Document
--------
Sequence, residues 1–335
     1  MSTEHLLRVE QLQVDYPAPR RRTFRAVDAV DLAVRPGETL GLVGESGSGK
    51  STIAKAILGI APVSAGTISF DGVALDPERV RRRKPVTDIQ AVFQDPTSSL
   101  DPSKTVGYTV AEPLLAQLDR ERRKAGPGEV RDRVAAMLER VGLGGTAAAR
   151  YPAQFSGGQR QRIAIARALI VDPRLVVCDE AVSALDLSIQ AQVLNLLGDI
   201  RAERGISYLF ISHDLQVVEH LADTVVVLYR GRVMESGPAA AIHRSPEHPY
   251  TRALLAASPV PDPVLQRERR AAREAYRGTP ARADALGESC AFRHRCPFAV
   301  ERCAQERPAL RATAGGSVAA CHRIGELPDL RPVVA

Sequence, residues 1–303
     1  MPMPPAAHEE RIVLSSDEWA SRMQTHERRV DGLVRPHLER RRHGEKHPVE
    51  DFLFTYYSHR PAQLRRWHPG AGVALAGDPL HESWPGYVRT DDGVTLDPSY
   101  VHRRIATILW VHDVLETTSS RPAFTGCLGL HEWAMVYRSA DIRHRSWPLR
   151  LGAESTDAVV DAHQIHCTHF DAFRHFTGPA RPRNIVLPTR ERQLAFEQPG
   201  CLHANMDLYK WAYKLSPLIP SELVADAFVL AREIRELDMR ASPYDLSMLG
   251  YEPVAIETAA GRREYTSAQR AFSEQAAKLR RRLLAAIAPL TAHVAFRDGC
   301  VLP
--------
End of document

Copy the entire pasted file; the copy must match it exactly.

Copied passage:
Sequence, residues 1–335
     1  MSTEHLLRVE QLQVDYPAPR RRTFRAVDAV DLAVRPGETL GLVGESGSGK
    51  STIAKAILGI APVSAGTISF DGVALDPERV RRRKPVTDIQ AVFQDPTSSL
   101  DPSKTVGYTV AEPLLAQLDR ERRKAGPGEV RDRVAAMLER VGLGGTAAAR
   151  YPAQFSGGQR QRIAIARALI VDPRLVVCDE AVSALDLSIQ AQVLNLLGDI
   201  RAERGISYLF ISHDLQVVEH LADTVVVLYR GRVMESGPAA AIHRSPEHPY
   251  TRALLAASPV PDPVLQRERR AAREAYRGTP ARADALGESC AFRHRCPFAV
   301  ERCAQERPAL RATAGGSVAA CHRIGELPDL RPVVA

Sequence, residues 1–303
     1  MPMPPAAHEE RIVLSSDEWA SRMQTHERRV DGLVRPHLER RRHGEKHPVE
    51  DFLFTYYSHR PAQLRRWHPG AGVALAGDPL HESWPGYVRT DDGVTLDPSY
   101  VHRRIATILW VHDVLETTSS RPAFTGCLGL HEWAMVYRSA DIRHRSWPLR
   151  LGAESTDAVV DAHQIHCTHF DAFRHFTGPA RPRNIVLPTR ERQLAFEQPG
   201  CLHANMDLYK WAYKLSPLIP SELVADAFVL AREIRELDMR ASPYDLSMLG
   251  YEPVAIETAA GRREYTSAQR AFSEQAAKLR RRLLAAIAPL TAHVAFRDGC
   301  VLP